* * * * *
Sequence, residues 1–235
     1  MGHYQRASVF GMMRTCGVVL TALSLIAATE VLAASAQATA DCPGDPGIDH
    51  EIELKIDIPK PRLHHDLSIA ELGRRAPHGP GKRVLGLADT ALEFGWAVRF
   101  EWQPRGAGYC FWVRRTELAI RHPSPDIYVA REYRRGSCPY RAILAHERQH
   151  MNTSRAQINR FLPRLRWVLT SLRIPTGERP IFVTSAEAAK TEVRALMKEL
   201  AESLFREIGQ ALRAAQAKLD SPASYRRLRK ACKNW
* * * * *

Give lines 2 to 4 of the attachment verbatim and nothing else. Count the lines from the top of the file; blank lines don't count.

     1  MGHYQRASVF GMMRTCGVVL TALSLIAATE VLAASAQATA DCPGDPGIDH
    51  EIELKIDIPK PRLHHDLSIA ELGRRAPHGP GKRVLGLADT ALEFGWAVRF
   101  EWQPRGAGYC FWVRRTELAI RHPSPDIYVA REYRRGSCPY RAILAHERQH